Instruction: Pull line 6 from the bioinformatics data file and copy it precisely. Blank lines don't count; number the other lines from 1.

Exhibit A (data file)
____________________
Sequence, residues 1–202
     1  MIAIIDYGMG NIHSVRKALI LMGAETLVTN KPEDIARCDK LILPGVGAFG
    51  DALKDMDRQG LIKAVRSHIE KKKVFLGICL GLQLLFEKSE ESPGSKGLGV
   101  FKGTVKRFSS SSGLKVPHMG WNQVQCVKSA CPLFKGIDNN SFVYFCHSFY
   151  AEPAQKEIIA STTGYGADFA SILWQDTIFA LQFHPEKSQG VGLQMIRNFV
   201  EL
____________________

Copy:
   201  EL